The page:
- Uredd by Haugen/Zohar Arkitekter + Landskapsfabrikken
Norway's National Scenic Routes are a road system consisting of 18 selected routes along coastlines and fjords, up mountains and on the plains of Norway. The project itself was first rolled out by the Norwegian government in 1994 to improve the experience of travellers to the country and will be completed by 2024. So, in a 30-year period, Norway has set itself up with almost 250 rest areas and viewing points, created by about 60 architecture firms, landscapers, designers and artists.
You can get a clear picture of the dimensions of the National Scenic Routes project in the exhibition Architecture and Landscape in Norway. Photographs by Ken Schluchtmann, crafted as a result of journeys across an eight-year period and driving more than 25000 km along these roads.
The Uredd rest area designed by Oslo-based Haugen/Zohar Arkitekter with the landscape architects from Landskapsfabrikken is located on the Helgelandskysten, the longest of the 18 scenic routes. The nine-metre wide viewing terrace gives stunning views of the fjord and out to the open sea, Fugløya, the Lofotveggen (Lofoten Wall) and the horizon. When you move down to the beach area you get a magnificent view of the mountain peaks in the background, behind weather-beaten rock formations and forest. This is a popular spot with tourists and locals alike because it is a perfect spot to see the northern lights in winter and enjoy the midnight sun in summer.
The project stands on an existing memorial site called Ureddplassen, meaning fearless place. In 1986, a monument was erected in memory of those who lost their lives when the Norwegian submarine HNoMS Uredd sank in the in the Fugløyfjorden in 1943. It was on its way to Gildeskål and hit a German minefield, killing all 40 people on board. The architects revamped this monument with a new marble plinth.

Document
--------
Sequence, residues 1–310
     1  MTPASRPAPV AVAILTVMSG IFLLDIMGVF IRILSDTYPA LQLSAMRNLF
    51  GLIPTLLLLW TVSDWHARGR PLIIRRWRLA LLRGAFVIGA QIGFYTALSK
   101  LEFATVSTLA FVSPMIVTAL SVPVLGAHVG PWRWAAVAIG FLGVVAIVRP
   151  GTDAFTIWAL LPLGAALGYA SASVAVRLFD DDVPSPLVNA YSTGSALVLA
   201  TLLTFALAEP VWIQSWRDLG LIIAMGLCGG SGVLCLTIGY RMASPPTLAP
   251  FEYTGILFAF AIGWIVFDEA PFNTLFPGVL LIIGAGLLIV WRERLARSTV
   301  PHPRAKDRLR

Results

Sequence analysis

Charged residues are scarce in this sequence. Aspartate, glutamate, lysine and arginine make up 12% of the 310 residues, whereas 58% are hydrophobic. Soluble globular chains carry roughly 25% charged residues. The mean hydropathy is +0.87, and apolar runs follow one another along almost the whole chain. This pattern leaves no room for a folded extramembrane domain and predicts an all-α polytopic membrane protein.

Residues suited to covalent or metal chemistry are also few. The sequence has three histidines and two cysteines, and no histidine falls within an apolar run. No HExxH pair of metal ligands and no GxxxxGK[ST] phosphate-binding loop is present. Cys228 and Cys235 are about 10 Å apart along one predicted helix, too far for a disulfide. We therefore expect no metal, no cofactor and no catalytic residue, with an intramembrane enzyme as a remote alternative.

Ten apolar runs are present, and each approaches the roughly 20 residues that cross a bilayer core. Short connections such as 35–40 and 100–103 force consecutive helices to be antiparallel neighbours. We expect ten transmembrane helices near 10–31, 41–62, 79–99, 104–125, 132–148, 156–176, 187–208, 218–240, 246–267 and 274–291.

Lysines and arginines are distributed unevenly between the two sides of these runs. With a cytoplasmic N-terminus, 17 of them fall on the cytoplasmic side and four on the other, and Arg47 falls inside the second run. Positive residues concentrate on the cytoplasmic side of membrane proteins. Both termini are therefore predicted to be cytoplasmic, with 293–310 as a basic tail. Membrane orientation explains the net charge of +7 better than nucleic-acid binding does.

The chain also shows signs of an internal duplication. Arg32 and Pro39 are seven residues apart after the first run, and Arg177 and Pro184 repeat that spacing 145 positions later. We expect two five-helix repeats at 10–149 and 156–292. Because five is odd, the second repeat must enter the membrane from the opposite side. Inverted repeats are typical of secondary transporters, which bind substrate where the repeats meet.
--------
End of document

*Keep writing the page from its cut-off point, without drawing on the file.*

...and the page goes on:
The recently completed rest area is formed of a wide platform overlooking the sea. This then rolls down towards an amphitheatre of prefabricated steps mounted on a cast-concrete slab taking you down to the shoreline. The architects crafted this area to make the beach accessible to visitors and also to craft an area where people could enjoy the magnificent view without being disturbed because the noise from the traffic disappears as you go below the road level.
The viewing terrace itself has benches made from the characteristic Norwegian marble of Fauske, alongside a standout toilet block that is more than just functional. This small structure with frosted glass walls really comes into its own at night, when it is artificially lit inside and acts as a beacon. It looks like a concrete wave as it moves up from the platform and over the actual block but the shape is also reminiscent of the mountains in the distance. This highly elegant interpretation ensures that the piece of architecture does not intrude too much on the majestic landscape but also that it doesn't fall prey to the temptation of camouflage at all costs.
The Uredd project by Haugen/Zohar Arkitekter + Landskapsfabrikken has been shortlisted in the Landscaping section of the 2018 World Architecture Festival (WAF) beginning in Amsterdam on 28 Amsterdam.
Project: Haugen/Zohar Arkitekter (https://www.hza.no/) + Landskapsfabrikken
Location: Gildeskål, Norway
Image credits: Steinar Skaar / Lars Grimsby / Statens Veivesen